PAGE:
Since launching in Canada on July 17, Pokémon Go seems to have taken over Ottawa. Countless people have been roaming the city, their eyes glued to their smartphones, hoping to “catch ‘em all.”
Pokémon Go is a mobile app that’s rooted in augmented reality, a technology that superimposes computer-generated images into the real world, and seeks to get users to travel to real-world locations in the hopes of finding Pokémon, with the goal of evolving them and leveling them up to make them as strong as possible. The app is based on the video game and animated TV series, Pokémon that came out 20 years ago and took the millennial world by storm.
While Pokémon randomly spawn throughout the city, major landmarks of varying significance, like parks, transit stations and statues, have become Poké Stops and Pokémon Gyms, where users of the app can pick up items and battle other “Pokémon trainers.”
As a result of this phenomenon, you may have noticed an influx of young people around various synagogues and community institutions. But, don’t get too excited, they are most likely just out to capture Pokémon. For example, Congregation Machzikei Hadas and Congregation Kehillat Beth Israel are Poké Stops and the statue outside the Soloway Jewish Community Centre (SJCC) serves as a gym.
How are these institutions reacting to the fad? Aside from some initial confusion as to why so many strangers were loitering outside their buildings, there has been very little impact, said Mory Macleod, office manager at Congregation Machzikei Hadas.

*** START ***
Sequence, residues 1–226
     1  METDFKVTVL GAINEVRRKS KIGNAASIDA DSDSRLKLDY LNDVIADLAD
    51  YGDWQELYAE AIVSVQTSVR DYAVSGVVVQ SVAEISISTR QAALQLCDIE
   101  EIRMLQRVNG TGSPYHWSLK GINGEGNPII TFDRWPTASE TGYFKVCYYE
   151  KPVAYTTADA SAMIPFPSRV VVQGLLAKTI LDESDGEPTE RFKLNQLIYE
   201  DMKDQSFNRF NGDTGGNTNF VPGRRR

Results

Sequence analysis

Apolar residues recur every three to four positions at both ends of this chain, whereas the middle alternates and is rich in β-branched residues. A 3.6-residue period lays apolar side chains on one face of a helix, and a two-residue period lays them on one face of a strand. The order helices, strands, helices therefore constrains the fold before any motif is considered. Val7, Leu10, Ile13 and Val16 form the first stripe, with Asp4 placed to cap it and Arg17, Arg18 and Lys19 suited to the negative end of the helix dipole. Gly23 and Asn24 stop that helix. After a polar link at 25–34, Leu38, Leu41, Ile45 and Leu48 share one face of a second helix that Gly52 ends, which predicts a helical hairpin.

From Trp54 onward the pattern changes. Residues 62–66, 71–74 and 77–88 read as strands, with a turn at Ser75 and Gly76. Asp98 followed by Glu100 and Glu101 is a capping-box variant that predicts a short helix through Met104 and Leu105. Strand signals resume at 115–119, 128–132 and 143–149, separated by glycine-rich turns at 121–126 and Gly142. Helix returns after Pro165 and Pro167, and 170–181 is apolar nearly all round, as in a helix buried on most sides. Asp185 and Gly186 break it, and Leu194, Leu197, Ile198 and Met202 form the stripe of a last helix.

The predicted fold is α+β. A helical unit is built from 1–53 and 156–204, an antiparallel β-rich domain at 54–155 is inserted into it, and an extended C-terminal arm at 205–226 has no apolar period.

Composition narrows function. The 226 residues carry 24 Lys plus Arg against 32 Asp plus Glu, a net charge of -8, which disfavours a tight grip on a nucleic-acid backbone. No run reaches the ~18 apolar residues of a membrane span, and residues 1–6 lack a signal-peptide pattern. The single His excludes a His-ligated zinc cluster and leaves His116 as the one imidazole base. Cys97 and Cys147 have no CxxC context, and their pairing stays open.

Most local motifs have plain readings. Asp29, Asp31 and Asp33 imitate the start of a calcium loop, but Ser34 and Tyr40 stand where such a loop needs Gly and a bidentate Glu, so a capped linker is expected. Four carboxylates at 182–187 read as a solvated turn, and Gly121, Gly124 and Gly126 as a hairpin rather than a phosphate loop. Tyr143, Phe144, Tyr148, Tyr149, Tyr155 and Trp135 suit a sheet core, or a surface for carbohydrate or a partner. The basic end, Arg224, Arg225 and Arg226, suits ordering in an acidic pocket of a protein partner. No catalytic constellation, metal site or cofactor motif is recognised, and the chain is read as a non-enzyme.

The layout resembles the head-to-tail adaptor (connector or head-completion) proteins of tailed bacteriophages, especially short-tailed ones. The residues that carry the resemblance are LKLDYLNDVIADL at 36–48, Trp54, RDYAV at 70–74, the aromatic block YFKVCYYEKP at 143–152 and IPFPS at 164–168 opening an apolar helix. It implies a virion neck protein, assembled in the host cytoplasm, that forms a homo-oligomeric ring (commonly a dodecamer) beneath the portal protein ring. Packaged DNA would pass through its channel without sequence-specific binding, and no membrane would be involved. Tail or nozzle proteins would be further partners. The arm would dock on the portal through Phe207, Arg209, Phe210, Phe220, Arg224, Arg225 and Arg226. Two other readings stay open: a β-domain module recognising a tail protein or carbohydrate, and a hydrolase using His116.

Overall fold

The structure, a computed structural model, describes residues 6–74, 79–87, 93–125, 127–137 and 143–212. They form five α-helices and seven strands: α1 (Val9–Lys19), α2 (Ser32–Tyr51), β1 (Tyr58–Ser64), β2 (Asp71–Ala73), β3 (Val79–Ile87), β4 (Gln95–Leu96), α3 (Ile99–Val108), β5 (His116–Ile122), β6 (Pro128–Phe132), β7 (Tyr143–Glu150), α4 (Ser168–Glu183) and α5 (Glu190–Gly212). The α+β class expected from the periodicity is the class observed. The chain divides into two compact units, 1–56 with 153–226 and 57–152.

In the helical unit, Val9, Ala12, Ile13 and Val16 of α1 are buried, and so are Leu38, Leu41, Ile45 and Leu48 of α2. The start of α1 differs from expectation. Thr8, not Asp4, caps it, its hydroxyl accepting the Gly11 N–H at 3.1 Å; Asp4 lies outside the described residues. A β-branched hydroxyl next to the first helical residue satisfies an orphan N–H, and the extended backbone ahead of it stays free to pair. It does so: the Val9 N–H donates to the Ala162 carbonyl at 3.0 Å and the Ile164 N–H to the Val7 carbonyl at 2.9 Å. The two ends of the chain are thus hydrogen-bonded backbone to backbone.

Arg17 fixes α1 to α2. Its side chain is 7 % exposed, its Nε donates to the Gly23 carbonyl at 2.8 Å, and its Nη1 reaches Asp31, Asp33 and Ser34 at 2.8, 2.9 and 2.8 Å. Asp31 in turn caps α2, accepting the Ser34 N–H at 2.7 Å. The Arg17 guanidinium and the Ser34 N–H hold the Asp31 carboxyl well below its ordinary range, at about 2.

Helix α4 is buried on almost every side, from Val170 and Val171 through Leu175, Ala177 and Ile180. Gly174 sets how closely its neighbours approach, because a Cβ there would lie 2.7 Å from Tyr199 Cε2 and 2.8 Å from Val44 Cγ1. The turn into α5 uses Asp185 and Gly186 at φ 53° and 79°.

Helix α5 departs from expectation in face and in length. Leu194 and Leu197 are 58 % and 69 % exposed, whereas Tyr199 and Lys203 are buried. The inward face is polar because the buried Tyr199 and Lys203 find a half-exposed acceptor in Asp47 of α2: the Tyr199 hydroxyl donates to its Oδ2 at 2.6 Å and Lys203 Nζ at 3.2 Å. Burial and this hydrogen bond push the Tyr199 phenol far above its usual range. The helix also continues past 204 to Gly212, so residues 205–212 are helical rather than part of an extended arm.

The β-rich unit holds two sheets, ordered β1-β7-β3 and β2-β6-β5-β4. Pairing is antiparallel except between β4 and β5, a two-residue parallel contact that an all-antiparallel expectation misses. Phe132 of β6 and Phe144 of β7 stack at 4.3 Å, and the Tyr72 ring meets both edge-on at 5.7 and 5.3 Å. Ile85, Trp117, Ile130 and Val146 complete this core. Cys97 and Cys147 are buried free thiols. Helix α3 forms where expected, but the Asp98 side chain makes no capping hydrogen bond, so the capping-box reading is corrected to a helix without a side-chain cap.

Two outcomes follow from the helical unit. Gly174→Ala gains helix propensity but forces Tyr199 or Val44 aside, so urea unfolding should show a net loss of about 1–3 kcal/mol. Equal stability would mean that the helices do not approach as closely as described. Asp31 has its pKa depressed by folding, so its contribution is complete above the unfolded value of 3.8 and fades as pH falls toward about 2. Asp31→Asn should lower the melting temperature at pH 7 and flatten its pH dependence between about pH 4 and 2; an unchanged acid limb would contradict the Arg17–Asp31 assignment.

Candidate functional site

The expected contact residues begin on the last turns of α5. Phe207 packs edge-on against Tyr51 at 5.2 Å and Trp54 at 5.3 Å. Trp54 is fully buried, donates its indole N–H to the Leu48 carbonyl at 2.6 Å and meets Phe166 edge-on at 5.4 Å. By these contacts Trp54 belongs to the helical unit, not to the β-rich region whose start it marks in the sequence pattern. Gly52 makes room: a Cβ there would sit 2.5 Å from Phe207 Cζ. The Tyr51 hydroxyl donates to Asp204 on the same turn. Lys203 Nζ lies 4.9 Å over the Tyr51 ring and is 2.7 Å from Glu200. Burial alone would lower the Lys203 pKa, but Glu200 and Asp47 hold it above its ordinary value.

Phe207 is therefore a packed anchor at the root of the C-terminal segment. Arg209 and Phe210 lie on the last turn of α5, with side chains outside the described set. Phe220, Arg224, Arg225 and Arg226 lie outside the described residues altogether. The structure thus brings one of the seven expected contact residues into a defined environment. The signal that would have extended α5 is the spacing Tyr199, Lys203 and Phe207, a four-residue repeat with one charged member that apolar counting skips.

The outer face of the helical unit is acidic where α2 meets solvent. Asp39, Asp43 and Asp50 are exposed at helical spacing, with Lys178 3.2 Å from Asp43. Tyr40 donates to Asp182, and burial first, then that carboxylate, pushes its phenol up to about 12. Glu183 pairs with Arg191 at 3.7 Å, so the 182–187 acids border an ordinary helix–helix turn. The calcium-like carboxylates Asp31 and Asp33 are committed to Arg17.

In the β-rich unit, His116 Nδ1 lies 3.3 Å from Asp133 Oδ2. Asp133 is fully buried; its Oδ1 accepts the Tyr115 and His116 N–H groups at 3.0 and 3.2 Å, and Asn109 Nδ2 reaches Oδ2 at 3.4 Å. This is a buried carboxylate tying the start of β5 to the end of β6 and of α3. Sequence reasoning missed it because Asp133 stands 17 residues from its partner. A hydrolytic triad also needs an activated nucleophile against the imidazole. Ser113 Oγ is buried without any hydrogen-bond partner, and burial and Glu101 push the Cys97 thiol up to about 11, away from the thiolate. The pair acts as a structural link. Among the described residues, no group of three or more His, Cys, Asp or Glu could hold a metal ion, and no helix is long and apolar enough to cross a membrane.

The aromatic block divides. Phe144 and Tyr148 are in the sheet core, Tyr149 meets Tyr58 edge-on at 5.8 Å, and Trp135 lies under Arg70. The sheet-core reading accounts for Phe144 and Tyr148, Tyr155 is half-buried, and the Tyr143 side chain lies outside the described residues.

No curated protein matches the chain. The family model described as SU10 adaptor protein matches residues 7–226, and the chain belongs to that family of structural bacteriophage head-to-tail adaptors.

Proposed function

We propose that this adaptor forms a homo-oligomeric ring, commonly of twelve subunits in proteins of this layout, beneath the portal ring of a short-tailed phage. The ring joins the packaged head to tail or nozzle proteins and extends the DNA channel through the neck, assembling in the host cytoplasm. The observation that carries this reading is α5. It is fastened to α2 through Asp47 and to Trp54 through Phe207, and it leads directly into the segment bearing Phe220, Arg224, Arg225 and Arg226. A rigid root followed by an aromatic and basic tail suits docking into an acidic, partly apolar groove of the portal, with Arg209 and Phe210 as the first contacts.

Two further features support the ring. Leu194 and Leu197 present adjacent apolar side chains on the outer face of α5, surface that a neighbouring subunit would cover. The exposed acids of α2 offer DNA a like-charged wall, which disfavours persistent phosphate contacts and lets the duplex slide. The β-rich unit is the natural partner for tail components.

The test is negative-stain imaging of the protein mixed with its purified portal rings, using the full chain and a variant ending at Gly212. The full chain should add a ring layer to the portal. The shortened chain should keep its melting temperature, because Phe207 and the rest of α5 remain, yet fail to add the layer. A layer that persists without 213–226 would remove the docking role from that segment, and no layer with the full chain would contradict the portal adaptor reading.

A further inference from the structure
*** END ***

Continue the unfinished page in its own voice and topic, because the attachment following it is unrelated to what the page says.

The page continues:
Patrice Berdowski, SJCC membership director, echoed Macleod’s sentiments and added she liked the thought of so many people coming to the SJCC – but that it was also a hassle for security during the app’s peak days.
As Pokémon can spawn literally anywhere and major landmarks tend to be either Poké Stops or gyms, this has resulted in the widespread use of the app at inappropriate places. Yad Vashem and the Auschwitz-Birkenau State Museum have both established policies banning the use of the app on their premises after spotting many visitors playing Pokémon Go on their grounds.
Ottawa Jewish community member Noam Stulberg, a fourth year student of cognitive science at York University, is an avid Pokémon Go player and says he was drawn to it both for nostalgic and fitness reasons.
“As I was a massive fan of Pokémon in my childhood, it was a logical step for me to try out Pokémon Go as soon as I could get my hands on it,” he said. “If I’m planning on going for a walk, I turn the game on and play while I’m walking. I’ve always been an active guy, but, especially when the game first came out, it got me out of the house even more. It’s a great companion to a nice bike ride.”
With more than 100 million downloads worldwide, the Pokémon Go fad probably won’t end any time soon.